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gEDA is a free and open source tool http://www.geda-project.org/

gEDA package includes a schematic editor, PCB layout editor, Gerber viewer, bill of materials (BOM) generation etc.

It also has a huge symbol library http://www.gedasymbols.org/

Check this link for a buch of project designed using gEDA http://www.delorie.com/pcb/

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I use FastStone capture to post screen shots.

Here are the steps:

1. ctrl-printscreen
2. Drag the area I want to capture
3. It pops up the image
4. I click on ftp. it knows my domain and where to put it. It makes up a name based on the date. It copies the url to the clipboard
5. I ctrl-v the url to the insert picture icon

That's it. You still have to have a schematic in your computer but this addresses a large part of your question.

Here's an example:

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clearly a quick way to get it done when you are setup. I use multiple computers, many of them in a computer lab. I also like a solution I can quickly have working without installing software. If i set something up on one computer I think this may be the ticket. –  Kortuk Jul 17 '10 at 17:11
I usually use alt-printscreen + mspaint + imageshack.us. Same effect as above, maybe slightly more steps to follow, but works on every version of windows without installing anything. –  davr Aug 23 '10 at 18:19
Stack Exchange now has a network-wide pro account with imgur. Clicking the button above your answer will allow you to upload an image from your computer. With this host, we won't loose images when other sites go down/out of business/expire. Please don't host screenshots on your own site (or other image hosts, or anonymously on imgur). –  Kevin Vermeer Oct 25 '10 at 15:36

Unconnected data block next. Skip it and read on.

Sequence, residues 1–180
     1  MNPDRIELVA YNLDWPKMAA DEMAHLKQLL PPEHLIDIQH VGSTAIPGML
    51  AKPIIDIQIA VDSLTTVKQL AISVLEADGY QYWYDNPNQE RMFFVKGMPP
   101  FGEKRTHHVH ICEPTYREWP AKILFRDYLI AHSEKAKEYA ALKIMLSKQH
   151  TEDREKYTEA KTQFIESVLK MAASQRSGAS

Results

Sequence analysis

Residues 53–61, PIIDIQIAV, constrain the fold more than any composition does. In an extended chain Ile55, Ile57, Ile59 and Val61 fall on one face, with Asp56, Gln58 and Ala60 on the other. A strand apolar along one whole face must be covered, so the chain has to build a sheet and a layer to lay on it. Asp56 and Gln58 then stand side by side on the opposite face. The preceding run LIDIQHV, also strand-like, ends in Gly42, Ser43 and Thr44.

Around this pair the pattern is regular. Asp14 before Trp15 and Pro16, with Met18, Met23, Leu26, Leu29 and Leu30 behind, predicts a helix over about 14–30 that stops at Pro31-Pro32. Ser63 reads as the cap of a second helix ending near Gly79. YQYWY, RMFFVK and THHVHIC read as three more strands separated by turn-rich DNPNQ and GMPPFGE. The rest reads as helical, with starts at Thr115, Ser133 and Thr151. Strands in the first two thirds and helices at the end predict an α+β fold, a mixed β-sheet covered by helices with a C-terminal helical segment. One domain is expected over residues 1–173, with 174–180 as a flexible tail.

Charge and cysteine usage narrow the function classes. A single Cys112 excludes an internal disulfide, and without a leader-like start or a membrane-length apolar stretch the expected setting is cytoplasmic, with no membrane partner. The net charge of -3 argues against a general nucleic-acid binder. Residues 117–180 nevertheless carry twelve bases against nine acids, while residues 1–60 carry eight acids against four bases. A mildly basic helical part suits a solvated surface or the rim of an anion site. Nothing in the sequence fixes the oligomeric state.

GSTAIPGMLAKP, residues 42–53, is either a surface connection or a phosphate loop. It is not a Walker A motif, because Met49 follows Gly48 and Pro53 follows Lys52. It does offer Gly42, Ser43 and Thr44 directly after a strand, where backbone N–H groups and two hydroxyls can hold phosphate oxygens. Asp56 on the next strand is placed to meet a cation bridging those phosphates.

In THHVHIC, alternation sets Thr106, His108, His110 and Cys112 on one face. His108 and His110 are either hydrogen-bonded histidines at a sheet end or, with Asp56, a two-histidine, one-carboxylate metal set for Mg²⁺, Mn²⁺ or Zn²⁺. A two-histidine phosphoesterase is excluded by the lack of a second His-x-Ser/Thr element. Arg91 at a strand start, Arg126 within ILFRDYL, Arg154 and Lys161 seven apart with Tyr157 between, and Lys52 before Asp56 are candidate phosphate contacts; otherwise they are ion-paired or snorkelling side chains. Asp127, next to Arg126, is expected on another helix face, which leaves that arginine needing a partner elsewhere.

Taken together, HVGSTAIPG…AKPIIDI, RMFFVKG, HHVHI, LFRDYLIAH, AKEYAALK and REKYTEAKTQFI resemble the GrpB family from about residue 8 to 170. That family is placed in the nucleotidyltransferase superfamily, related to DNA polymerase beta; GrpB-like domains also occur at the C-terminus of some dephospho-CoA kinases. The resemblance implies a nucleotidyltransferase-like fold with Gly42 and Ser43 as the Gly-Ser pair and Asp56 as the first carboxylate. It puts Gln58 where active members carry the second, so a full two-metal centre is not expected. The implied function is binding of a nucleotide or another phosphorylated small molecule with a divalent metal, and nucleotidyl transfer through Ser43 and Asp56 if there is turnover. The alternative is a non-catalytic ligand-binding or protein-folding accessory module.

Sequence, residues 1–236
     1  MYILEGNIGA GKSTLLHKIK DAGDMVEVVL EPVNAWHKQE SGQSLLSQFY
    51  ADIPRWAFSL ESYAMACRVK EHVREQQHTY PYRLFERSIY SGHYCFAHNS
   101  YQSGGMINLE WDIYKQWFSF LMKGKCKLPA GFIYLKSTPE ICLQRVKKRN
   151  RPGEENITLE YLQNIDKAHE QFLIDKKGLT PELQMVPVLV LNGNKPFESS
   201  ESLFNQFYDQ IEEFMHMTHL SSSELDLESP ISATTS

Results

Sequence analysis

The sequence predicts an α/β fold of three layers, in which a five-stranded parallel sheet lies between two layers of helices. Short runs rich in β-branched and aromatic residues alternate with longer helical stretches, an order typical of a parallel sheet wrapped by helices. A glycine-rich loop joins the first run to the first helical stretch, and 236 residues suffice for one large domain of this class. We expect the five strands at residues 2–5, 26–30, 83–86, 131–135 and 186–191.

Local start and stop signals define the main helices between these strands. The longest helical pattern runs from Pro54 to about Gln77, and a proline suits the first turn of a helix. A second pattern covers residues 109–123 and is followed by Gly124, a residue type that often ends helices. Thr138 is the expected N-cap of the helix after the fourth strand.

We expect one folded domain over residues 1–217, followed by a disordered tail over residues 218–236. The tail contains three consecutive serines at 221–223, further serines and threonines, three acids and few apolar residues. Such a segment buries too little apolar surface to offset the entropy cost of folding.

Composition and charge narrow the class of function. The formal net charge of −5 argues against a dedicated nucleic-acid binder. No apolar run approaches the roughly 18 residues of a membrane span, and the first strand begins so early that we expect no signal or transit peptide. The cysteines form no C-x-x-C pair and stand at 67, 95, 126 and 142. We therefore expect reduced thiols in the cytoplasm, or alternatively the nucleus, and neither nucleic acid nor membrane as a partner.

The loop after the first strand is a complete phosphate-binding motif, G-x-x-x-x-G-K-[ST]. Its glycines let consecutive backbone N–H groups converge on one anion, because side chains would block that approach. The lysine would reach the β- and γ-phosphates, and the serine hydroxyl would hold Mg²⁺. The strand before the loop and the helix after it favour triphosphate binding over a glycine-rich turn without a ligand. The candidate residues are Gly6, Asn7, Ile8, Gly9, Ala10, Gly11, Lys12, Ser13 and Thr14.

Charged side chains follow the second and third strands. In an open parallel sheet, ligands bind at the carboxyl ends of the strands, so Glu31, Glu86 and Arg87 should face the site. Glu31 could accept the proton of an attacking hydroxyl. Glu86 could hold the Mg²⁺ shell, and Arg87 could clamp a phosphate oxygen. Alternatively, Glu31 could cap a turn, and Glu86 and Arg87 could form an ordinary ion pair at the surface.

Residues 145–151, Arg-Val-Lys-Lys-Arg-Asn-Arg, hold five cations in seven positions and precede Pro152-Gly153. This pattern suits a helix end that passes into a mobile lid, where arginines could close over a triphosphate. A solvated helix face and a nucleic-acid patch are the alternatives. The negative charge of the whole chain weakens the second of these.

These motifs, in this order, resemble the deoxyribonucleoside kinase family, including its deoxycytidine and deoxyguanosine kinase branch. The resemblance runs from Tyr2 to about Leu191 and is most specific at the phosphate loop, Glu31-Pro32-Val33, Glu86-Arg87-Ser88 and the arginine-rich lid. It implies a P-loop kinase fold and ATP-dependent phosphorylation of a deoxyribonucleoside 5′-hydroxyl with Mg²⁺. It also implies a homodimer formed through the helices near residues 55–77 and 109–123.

@reemrevnivek, now when you link a picture from your own site it automatically takes it and uploads it with their account. –  Kortuk Dec 22 '10 at 18:12
@mmccoo Do you still have a screen shot that you can post for us? Your current one doesn't make a whole lot of sense. –  Kellenjb Jan 27 '12 at 18:15

If you don't mind an online tool, may I sugest easyEDA:

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My personal favorites are:

1) EAGLE:

2) Multisim:

This program from National Instruments combines schematic and PCB design along with simulation to provide a very versatile tool for electronic engineering applications. Its libraries are great and simulations are quite accurate. Unfortunately, it comes at a slightly higher price, but is definitely worth it. Link: http://www.ni.com/multisim/buy/ Image:

3) Proteus:

This is one of my all-time top favorites, though it comes at quite a price. This is generally better for professional applications that require extensive tools, and applications where software price isn't an issue. Like Multisim, Proteus combines Schematic/PCB design with simulation, making it a very useful tool in the workplace. Link: http://www.labcenter.com/index.cfm Image:

While these are probably my top picks, other options include:

There are loads more out there, and there's not really one that's better than all the others. Schematic/PCB design tools are really the type of thing you need to try out for yourself and decide which you prefer personally. Use what you're most comfortable with!